Twice a year we create the Thoughtworks Technology Radar, an opinionated look at what’s happening in the enterprise tech world. It’s a detailed collection of tools, techniques, languages and platforms and we generally call out over 100 individual ‘blips.’ Creating the Radar involves over 20 of our senior technologists from around the globe, and as we discuss individual Radar blips we also talk about bigger trends. This article is a consolidation of those “macro trends” that we see in the tech industry today.
Earlier this year, details emerged around a well-coordinated hack that made headlines for months. Hackers had broken into SolarWinds’ systems and added malicious code to their Orion software. The reason this was such a juicy target? Orion is a network management system that monitors servers and runs with a high level of privilege across all the sensitive parts of a company’s systems. Microsoft, Intel, Cisco as well as governments across the world were compromised in the attack.
What was interesting, though, is that this wasn’t a hack against running instances of Orion, like many remote exploits are. It was a hack against SolarWinds’ build environment and “path to production” and instead injected malicious code into the software directly, which was then digitally signed and distributed to customers. They downloaded and installed a “bug fix” release of Orion which then left them vulnerable to the hackers.
Since then, awareness has been increasing of the importance of securing not just your software but also the “software supply chain” — all of the software and processes that contribute to creating, building, testing, distributing and running that software. We spoke to Mike Ensor and Jim Gumbley on the Thoughtworks Technology podcast and they highlighted that the Biden administration had issued an executive order on cybersecurity, including directives focused on the software supply chain problem. In this edition of the Radar we blipped Software Bill of Materials (SBOM), a technique mentioned in the executive order, which says that all software should come with a machine readable list of component names, version numbers and source vendors. When a vulnerability is discovered, you can scan the SBOMs of all your software, know what’s affected, and take action to patch your systems quickly. We also blipped Cosign, a tool for signing container images to improve security across the software supply chain.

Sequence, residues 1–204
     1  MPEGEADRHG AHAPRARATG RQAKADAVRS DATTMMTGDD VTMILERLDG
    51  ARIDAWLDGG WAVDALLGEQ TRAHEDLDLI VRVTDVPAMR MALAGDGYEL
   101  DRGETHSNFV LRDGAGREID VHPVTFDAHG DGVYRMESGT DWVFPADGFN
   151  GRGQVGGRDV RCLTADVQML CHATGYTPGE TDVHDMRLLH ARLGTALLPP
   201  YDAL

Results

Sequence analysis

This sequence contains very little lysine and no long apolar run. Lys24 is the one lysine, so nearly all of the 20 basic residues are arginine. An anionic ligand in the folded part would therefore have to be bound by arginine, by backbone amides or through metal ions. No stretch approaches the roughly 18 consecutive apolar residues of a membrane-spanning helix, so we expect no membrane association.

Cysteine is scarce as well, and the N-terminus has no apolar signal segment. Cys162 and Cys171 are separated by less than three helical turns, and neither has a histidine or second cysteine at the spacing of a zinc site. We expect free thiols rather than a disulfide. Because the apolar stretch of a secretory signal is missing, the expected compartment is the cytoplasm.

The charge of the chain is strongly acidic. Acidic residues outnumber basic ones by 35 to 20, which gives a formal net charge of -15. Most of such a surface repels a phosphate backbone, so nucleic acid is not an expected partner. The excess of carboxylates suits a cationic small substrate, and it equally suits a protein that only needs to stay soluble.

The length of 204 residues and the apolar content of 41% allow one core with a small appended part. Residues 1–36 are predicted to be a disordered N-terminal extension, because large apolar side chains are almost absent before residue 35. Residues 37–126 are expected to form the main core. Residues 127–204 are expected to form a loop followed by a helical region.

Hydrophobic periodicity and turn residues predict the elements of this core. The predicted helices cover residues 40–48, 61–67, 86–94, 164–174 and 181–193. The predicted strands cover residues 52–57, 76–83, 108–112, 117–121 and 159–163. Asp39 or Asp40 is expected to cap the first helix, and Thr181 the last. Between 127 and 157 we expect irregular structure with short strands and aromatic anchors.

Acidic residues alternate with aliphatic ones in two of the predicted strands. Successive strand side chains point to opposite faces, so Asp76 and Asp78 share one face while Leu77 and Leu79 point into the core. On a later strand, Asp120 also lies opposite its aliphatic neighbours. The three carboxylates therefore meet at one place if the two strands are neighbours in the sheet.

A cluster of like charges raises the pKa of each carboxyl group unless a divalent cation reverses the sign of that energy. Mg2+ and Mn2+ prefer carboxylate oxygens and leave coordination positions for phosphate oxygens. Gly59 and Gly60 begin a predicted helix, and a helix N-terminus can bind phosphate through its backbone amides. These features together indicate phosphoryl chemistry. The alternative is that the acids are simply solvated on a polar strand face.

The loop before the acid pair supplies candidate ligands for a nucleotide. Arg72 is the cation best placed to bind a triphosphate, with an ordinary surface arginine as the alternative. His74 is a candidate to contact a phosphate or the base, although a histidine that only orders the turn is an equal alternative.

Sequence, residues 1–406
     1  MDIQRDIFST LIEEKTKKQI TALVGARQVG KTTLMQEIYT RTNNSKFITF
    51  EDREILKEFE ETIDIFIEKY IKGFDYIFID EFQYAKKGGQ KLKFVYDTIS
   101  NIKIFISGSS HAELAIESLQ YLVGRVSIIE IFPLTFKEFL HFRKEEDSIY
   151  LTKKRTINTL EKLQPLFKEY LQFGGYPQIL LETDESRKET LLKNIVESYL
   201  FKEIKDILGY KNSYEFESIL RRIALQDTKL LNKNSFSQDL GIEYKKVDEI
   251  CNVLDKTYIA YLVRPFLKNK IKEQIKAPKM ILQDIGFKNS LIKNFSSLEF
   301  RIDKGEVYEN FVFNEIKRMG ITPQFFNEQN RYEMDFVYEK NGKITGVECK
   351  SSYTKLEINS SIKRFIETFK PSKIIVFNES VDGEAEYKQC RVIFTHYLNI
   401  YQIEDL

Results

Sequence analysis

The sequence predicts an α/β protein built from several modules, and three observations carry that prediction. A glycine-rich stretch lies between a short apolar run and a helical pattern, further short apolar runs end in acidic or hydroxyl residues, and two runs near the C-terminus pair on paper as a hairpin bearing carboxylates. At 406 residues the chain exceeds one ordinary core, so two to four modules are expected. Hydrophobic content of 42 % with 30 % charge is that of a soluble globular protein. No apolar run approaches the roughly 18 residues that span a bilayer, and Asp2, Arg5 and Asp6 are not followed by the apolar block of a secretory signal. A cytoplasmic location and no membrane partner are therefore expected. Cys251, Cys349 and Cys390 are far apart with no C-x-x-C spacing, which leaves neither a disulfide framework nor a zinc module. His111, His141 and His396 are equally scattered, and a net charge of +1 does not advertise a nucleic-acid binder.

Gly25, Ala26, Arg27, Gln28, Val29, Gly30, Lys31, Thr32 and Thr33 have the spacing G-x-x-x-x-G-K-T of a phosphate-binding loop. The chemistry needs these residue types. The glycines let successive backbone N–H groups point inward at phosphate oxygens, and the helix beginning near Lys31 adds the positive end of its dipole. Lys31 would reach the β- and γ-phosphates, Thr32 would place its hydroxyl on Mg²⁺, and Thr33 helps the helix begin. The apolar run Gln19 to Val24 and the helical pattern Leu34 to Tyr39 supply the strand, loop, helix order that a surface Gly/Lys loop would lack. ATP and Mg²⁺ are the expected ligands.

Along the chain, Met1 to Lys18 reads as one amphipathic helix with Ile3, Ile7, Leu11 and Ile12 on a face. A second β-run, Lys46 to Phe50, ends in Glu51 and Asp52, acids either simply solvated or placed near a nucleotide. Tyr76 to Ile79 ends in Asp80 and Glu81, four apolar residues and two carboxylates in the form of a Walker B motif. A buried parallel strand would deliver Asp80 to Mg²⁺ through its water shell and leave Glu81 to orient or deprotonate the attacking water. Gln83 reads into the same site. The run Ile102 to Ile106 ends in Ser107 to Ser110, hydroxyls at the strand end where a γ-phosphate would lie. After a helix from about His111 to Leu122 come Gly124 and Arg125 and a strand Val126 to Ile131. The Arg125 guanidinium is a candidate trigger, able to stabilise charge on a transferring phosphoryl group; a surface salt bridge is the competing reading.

In this edition of the Radar, we noticed far fewer Platform blips than usual and so we discussed what this might mean. Certainly the platform concept is still critically important, with organizations that can effectively build and leverage platforms able to use them as a leg up over competition, accelerating their ability to get software into production and delivering value to customers. But why aren’t we excited by platform tech at the moment?
Our hypothesis is that for the most part, organizations have chosen a cloud vendor (or two) and have standardized on Kubernetes and Kafka. While the major cloud platforms continue to release new services, there’s nothing particularly earth shattering about those new features. And we haven’t seen a genuinely ‘new’ platform creating traction, mostly just new features and use cases for existing platforms.
We don’t think this is necessarily a bad thing. The pace of technological innovation is uneven; not everything moves fast all the time. We suspect that for platforms, at least, we are in a period of equilibrium where innovation has slowed a little and platform adoption is the main force driving us forward. Of course, this could all change tomorrow, which is one of the reasons it’s always interesting working as a techie.
Shooting yourself in the foot is, it seems, more tempting than ever. Mounting system complexity means that making a convenient but shortsighted decision can cause “future you” significant pain down the road. It’s important to tackle this problem head on because, left to their own devices, software systems tend to complexity and entanglement and teams tend towards doing the easy thing over the right thing.
Examples we discussed while assembling this edition of the Radar included:
BFFs (Backend-for-Frontend) growing from simple service adaptors and aggregators into complex services orchestrating many back-end services. This often happens because a customer experience focused team has more direct control over the BFF layer and can get something done quickly there, whereas doing a change in the ‘right’ place — the underlying business services — requires more coordination between teams
GraphQL being used as though it were defining a RESTful interface, replete with poor query patterns such as n+1 selects or multiple repeated calls to retrieve details about objects in the graph (which is the whole point of GraphQL in the first place!)
The kong-js-pdk project that adds a plugin development kit to Kong, enabling developers to bury complex logic in what should be a simple part of your infrastructure
The “right thing” in each of these cases is to carefully consider the architecture of the system you’re trying to build, and to put the functionality and logic into a sustainable location. That might mean paying closer attention to architectural guidance and maybe moving a little slower in the short term, but the quality of your software will be a benefit in the long term.